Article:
Last week, Nicolas Maduro, the embattled president of crisis-torn Venezuela, veered a bit off course during a rambling, hour-and-a-half speech to business leaders in Caracas to heap praise on a somewhat obscure U.S. economist.
“I don’t know if you know him, but I recommend his writings,” Maduro said of Michael Hudson , a professor at the University of Missouri who specializes in subjects including international finance and debt. “He’s one of the greatest U.S. economists.”
Yet, Hudson, it turns out, appears to be no fan of the socialist leader. When contacted a few days later, he had harsh words about the state of the economy since Maduro replaced the late Hugo Chavez in 2013, saying it seems to have “entered a period of anarchy” so profound that he doesn’t know if he could help the country much even if he were asked. Which, by the way, he hasn’t been. He’s no Venezuelan expert, he stressed, but he did have one tentative suggestion for the president: If a debt default looks inevitable, as many analysts believe is the case, it’s best to get it over with as soon as possible.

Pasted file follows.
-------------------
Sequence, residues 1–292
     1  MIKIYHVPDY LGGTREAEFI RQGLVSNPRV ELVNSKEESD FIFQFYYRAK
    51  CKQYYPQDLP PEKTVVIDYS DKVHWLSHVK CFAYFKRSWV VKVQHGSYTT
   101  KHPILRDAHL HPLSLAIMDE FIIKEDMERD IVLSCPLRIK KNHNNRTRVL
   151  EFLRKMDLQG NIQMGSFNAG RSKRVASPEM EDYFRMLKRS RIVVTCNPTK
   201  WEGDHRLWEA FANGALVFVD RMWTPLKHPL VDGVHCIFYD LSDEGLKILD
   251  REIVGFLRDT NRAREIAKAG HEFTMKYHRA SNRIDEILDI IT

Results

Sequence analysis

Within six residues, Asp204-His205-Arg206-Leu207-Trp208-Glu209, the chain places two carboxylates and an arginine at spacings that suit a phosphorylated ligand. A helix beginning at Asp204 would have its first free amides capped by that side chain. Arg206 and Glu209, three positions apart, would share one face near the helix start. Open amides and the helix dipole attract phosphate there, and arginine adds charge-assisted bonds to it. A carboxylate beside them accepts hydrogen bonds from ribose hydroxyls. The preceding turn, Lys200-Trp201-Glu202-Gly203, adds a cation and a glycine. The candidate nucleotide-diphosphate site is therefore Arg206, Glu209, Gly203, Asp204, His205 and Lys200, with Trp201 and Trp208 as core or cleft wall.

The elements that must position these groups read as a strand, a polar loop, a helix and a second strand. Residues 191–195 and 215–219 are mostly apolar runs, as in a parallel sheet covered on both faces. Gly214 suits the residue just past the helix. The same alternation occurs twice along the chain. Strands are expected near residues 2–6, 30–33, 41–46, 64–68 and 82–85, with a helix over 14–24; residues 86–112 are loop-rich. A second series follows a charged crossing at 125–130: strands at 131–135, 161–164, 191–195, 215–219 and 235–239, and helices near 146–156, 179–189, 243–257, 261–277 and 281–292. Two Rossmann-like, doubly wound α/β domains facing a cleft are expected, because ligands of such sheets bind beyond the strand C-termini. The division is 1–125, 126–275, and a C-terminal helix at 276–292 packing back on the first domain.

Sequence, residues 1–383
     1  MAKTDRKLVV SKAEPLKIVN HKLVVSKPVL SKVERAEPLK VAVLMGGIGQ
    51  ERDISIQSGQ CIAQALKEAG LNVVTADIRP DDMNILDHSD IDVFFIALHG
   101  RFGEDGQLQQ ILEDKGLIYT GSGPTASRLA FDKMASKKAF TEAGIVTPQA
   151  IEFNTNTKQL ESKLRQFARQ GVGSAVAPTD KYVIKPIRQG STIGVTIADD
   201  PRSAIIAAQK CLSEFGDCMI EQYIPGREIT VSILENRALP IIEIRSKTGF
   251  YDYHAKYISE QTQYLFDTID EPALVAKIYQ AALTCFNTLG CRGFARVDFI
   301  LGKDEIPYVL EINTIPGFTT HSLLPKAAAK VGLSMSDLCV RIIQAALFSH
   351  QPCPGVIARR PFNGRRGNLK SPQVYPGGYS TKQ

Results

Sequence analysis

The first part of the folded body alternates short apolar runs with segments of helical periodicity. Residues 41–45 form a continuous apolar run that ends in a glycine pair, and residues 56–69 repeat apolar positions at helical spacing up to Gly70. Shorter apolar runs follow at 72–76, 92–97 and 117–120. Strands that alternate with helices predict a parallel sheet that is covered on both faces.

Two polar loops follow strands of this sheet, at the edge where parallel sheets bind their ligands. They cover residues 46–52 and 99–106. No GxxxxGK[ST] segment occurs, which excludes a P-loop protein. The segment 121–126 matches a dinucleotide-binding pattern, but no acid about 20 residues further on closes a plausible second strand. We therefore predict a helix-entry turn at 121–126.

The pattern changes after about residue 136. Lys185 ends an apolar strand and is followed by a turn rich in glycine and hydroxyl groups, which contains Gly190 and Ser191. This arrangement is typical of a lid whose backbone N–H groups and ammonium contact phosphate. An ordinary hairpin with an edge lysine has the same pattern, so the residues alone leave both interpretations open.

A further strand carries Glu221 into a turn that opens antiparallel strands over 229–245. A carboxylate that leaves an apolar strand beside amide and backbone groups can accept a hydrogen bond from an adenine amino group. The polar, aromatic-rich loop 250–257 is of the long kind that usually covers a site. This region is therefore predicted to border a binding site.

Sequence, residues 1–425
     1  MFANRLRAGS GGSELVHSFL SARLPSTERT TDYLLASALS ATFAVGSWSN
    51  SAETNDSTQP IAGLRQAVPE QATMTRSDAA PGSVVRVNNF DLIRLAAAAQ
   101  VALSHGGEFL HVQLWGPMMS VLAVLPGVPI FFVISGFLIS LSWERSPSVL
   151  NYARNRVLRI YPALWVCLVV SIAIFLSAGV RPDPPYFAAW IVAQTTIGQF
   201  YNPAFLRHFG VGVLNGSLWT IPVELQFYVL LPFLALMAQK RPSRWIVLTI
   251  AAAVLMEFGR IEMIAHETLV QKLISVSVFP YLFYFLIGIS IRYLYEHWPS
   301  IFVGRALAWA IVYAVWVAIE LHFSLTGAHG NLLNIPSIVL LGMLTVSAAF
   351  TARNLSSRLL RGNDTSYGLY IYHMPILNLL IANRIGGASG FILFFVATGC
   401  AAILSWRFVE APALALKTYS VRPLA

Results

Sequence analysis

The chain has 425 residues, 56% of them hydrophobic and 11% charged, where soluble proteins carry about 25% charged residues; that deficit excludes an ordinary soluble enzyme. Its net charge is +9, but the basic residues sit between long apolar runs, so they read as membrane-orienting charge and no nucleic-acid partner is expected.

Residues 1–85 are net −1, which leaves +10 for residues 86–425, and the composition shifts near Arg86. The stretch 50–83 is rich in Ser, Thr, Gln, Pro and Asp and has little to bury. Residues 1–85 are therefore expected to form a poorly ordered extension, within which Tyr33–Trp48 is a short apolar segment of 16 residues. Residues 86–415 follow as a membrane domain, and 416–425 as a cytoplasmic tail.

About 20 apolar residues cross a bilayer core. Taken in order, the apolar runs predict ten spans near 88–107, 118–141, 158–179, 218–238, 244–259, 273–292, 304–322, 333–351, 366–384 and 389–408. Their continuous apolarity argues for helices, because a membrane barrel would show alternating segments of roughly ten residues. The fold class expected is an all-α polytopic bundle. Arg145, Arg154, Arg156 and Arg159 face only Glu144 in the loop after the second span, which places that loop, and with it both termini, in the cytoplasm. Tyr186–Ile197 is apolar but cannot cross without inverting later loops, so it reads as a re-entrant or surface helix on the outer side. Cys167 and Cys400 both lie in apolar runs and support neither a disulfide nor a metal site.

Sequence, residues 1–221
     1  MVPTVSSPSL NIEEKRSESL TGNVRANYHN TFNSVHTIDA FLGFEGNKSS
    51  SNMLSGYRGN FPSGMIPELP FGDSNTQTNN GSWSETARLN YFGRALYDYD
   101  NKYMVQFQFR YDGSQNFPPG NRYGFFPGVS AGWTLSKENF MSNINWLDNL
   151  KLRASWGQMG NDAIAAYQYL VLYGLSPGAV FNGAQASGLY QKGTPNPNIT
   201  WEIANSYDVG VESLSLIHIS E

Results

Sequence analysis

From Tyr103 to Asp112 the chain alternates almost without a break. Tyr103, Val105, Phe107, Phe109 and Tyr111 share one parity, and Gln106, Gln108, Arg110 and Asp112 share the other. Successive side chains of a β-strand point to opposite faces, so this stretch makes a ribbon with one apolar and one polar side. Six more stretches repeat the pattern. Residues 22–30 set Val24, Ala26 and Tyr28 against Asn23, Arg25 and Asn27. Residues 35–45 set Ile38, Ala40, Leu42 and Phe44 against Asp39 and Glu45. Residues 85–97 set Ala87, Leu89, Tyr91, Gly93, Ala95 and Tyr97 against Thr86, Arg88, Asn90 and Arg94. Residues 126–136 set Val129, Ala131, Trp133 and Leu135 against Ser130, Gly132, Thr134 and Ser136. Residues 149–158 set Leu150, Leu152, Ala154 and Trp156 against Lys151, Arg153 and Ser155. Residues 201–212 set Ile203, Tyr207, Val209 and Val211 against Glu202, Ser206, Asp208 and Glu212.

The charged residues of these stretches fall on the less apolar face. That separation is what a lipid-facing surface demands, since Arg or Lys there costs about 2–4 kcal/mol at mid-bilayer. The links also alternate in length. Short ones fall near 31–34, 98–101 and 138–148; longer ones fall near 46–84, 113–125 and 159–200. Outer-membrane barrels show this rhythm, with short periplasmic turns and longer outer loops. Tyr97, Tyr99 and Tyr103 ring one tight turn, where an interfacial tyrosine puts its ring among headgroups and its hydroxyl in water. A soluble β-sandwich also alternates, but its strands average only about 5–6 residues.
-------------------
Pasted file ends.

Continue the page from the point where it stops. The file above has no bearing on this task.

“If they realize they can’t pay later, they should stop now,” Hudson said. “You might as well keep what you have and say ‘it’s obvious we can’t pay, they made us a bad debt and they should take the loss.’” …